Title: There have been many advances in technology over the past fifty years. These have revolutionised the way we communicate with people who are far away. Compare and contrast methods of communication used today with those which were used in the past.
Before the advent of computers and modern technology, people communicating over long distances used traditional means such as letters and the telephone. Nowadays we have a vast array of communication tools which can complete this task, ranging from email to instant messaging and video calls. While the present and previous means of communication are similar in their general form, they differ in regard to their speed and the range of tools available.
One similarity between current and previous methods of communication relates to the form of communication. In the past, both written forms such as letters were frequently used, in addition to oral forms such as telephone calls. Similarly, people nowadays use both of these forms. Just as in the past, written forms of communication are prevalent, for example via email and text messaging. In addition, oral forms are still used, including the telephone, mobile phone, and voice messages via instant messaging services.
However, there are clearly many differences in the way we communicate over long distances, the most notable of which is speed. This is most evident in relation to written forms of communication. In the past, letters would take days to arrive at their destination. In contrast, an email arrives almost instantaneously and can be read seconds after it was sent. In the past, if it was necessary to send a short message, for example at work, a memo could be passed around the office, which would take some time to circulate. This is different from the current situation, in which a text message can be sent immediately.
Another significant difference is the range of communication methods. Fifty years ago, the tools available for communicating over long distances were primarily the telephone and the letter. By comparison, there are a vast array of communication methods available today. These include not only the telephone, letter, email and text messages already mentioned, but also video conferences via software such as Skype or mobile phone apps such as Wechat, and social media such as Facebook and Twitter.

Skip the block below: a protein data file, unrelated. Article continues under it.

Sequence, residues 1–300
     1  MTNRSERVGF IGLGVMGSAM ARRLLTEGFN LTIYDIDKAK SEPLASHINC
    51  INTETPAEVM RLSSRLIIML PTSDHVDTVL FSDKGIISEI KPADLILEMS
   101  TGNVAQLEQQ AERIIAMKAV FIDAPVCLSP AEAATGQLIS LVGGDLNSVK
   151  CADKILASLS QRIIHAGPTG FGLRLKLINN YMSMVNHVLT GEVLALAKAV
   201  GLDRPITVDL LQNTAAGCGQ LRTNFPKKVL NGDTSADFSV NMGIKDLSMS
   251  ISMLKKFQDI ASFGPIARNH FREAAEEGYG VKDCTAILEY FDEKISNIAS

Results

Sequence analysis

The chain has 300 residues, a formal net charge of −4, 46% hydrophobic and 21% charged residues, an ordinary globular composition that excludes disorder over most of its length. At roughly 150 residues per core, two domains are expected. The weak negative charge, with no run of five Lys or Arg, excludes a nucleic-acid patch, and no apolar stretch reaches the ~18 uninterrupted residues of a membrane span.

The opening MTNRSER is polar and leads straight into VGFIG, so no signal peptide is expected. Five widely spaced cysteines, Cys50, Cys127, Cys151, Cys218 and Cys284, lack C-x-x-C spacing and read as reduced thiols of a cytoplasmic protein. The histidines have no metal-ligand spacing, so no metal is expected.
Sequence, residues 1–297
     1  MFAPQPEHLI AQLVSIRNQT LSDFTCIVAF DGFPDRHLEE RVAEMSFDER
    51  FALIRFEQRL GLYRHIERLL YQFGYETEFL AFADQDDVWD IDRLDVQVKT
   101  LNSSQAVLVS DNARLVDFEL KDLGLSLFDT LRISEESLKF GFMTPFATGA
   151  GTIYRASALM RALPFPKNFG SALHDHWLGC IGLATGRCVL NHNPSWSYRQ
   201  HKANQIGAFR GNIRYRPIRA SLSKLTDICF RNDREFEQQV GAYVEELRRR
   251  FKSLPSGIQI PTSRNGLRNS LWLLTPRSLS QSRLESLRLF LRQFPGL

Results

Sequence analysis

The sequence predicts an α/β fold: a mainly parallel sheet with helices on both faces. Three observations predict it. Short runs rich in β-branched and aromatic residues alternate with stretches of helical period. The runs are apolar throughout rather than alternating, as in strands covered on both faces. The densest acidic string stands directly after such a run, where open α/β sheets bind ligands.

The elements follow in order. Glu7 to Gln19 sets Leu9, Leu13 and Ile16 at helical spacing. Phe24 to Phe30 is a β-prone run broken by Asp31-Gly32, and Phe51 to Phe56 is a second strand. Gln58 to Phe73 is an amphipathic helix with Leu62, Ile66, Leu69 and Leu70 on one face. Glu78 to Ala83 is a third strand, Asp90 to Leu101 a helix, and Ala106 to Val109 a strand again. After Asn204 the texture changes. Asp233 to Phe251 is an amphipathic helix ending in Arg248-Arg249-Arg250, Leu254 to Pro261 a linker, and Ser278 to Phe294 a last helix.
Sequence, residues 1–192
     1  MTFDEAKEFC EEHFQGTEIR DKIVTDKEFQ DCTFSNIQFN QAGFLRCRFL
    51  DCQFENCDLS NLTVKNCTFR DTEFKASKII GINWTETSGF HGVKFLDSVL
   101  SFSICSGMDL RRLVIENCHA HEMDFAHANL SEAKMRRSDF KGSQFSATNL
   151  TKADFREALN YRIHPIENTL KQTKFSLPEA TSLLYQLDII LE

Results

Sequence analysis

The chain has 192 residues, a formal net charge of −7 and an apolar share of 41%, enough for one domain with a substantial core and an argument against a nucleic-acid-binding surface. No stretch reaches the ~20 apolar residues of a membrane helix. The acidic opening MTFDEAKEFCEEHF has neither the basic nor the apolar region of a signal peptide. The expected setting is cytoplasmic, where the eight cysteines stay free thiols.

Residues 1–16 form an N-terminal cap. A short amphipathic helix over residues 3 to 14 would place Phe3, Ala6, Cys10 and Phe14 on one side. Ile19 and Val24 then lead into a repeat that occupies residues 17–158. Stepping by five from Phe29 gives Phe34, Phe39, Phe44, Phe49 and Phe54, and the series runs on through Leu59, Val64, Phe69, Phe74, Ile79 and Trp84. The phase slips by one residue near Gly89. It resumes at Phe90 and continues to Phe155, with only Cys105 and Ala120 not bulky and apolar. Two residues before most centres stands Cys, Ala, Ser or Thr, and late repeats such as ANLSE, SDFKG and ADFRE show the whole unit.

In conclusion, methods of communication have greatly advanced over the past fifty years. While there are some similarities, such as the forms of communication, there are significant differences, chiefly in relation to the speed of communication and the range of communication tools available. There is no doubt that technology will continue to progress in future, and the advanced tools which we use today may one day also become outdated.
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Below is a checklist for compare and contrast essays. Use it to check your own writing, or get a peer (another student) to help you.
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Throughout your academic career, you'll be asked to write papers in which you compare and contrast two things: two texts, two theories, two historical figures, two scientific processes, and so on. "Classic" compare-and-contrast papers, in which you weight A and B equally, may be about two similar things that have crucial differences (two pesticides with different effects on the environment) or two similar things that have crucial differences, yet turn out to have surprising commonalities (two politicians with vastly different world views who voice unexpectedly similar perspectives on sexual harassment).